Nationwide, the daily average of confirmed coronavirus cases has dramatically accelerated in the past month, from about 11,000 per day in late June to a daily average of 118,067 on Aug. 10. In sparsely vaccinated states, variant-linked cases also have fueled a significant increase in COVID-19-related hospitalizations.

On Aug. 1, a day after Florida recorded the highest number of new cases since the start of the pandemic, the state broke the previous record for current hospitalizations, set over a year ago before the advent of vaccines. Louisiana is likewise experiencing record-breaking hospitalizations for COVID-19 set back in January.

Delta’s skyrocketing ascendance to viral dominance has upended earlier predictions of the trajectory of the pandemic. Perhaps even more worrisome is the fact that the longer the virus circulates in the population, the greater the opportunities for new and potentially dangerous variants, as the virus aggressively explores sequence space in a relentless effort to override immunity and replicate.

A population in the crosshairs

Unlike the previous surges, the latest escalation in serious cases is occurring overwhelmingly among the unvaccinated. If the global availability of vaccines and the pace of vaccination don’t improve dramatically, we may lose more lives to COVID-19 in the era after effective vaccines have brought relief to much of the developed world.

In Africa, deaths have increased 80% during the past month — a shocking figure, given the fact that the overwhelming majority of such deaths are now preventable. Globally, more than 4 million cases, largely driven by the delta surge, were reported to the World Health Organization in the last week of July. To give a sense of the exponential potential of the virus, the WHO says that if the current trend continues, total cases are expected to surpass 200 million in the next two weeks.

The blistering ascendance of delta after an initial appearance in just one country is a case study in the threats posed by viral variants that acquire new talents of infectivity, immune evasion and transmission. 

Predictions of delta’s next moves and the possible scale of destruction vary widely and depend on many factors, some, unknowable at this time. What is known, however, is that close to 100 million Americans remain without immunity to SARS-CoV-2, because they have not been previously infected nor vaccinated against the virus. Many of these have fallen victim to a campaign of vaccine disinformation, perpetuated via social media channels and some media outlets. This vulnerable population provides ample fuel for the pandemic to reignite and intensify, with potentially dire consequences.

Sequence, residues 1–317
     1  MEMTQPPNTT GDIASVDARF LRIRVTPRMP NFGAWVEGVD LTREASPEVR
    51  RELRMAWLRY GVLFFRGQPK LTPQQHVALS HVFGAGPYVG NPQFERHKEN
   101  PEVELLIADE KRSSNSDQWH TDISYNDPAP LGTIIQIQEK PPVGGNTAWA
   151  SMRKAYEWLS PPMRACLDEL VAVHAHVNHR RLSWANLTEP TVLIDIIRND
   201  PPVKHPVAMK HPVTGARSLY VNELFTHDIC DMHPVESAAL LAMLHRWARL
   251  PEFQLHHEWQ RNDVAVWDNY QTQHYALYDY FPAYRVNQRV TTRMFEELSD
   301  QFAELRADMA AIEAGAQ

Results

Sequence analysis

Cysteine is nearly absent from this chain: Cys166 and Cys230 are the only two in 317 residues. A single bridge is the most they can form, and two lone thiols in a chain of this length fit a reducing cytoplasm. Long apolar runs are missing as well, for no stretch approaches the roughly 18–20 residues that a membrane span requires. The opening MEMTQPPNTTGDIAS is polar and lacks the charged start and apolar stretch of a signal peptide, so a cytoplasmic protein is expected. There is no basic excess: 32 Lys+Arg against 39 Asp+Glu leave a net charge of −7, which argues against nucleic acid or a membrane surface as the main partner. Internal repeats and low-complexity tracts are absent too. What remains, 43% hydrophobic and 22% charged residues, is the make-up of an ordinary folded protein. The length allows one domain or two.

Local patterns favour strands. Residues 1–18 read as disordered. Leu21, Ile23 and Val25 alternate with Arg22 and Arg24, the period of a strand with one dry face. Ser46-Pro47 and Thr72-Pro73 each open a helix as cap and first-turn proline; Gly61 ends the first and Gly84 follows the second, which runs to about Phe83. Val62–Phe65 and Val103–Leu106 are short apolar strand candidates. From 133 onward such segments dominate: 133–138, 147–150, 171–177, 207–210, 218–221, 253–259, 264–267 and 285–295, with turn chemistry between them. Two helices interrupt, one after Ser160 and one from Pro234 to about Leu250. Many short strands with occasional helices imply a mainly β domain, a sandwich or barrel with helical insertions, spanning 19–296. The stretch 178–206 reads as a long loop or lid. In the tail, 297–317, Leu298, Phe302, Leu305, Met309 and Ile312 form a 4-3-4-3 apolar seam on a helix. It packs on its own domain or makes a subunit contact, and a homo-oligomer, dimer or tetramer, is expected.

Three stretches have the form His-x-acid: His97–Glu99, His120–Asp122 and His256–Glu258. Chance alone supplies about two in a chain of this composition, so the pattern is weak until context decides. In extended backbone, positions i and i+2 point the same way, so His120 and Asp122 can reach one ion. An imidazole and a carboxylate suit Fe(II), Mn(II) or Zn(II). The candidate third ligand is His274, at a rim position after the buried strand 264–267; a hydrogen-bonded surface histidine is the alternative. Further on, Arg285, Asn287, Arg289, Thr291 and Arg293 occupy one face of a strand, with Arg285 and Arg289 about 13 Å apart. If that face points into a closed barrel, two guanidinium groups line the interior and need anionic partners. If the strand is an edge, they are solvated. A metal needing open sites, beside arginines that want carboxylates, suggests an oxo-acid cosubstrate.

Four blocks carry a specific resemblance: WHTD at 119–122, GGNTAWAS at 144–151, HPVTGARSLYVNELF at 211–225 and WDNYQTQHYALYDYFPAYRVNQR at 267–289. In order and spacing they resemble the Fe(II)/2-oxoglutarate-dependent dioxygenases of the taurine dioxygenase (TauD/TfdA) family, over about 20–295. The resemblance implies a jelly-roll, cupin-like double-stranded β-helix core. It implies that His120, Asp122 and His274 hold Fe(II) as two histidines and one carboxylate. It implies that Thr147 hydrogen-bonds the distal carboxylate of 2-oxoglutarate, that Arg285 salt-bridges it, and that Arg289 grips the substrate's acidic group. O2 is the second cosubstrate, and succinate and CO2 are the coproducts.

Such outcomes are not limited to COVID-19-related fatalities but also include an array of after-effects from the virus, ranging from cardiac issues to serious neurological complications. As to the full range, severity and duration of these long-haul COVID-19 symptoms, researchers are still largely in the dark.

Error as inspiration

Since the dawn of life, evolution has been propelled by a kind of carelessness. Successful replication of species relies on the faithful copying of the genetic blueprint or genome. This process, known as transcription, is imperfect, with a variety of copying mistakes possible. (In the case of coronaviruses like SARS-CoV-2, the genome is composed of RNA rather than DNA.)

In some cases, the errors arise when proofreading mechanisms tasked with monitoring transcription of the DNA or RNA code, fail. Such mistakes can take several forms. One of the four nucleotides may be accidentally mistranscribed, for example. A letter in the code may be dropped altogether or extraneous letters added, like an unreliable voice-to-text program. 

Both foreign adversaries like viruses and human cells that turn rogue in the process of cancer development use mutations in their genomes as secret weapons to outwit the defensive fortifications of their hosts.

While most mutations are useless or harmful to the mutating organism, a tiny subset may, by sheer chance, provide a survival advantage. These mutations can then become fixed in successive generations and gain strength against therapeutics designed to thwart them, including vaccines.

The mutations resulting from inaccurate transcription of the DNA or RNA code occur in all forms of life, to varying degrees. They are responsible for a vast range of diseases and some of them, including SARS-CoV-2, are potentially lethal. But mutations are also the wellspring for the astonishing diversity observed in nature, both within and between species.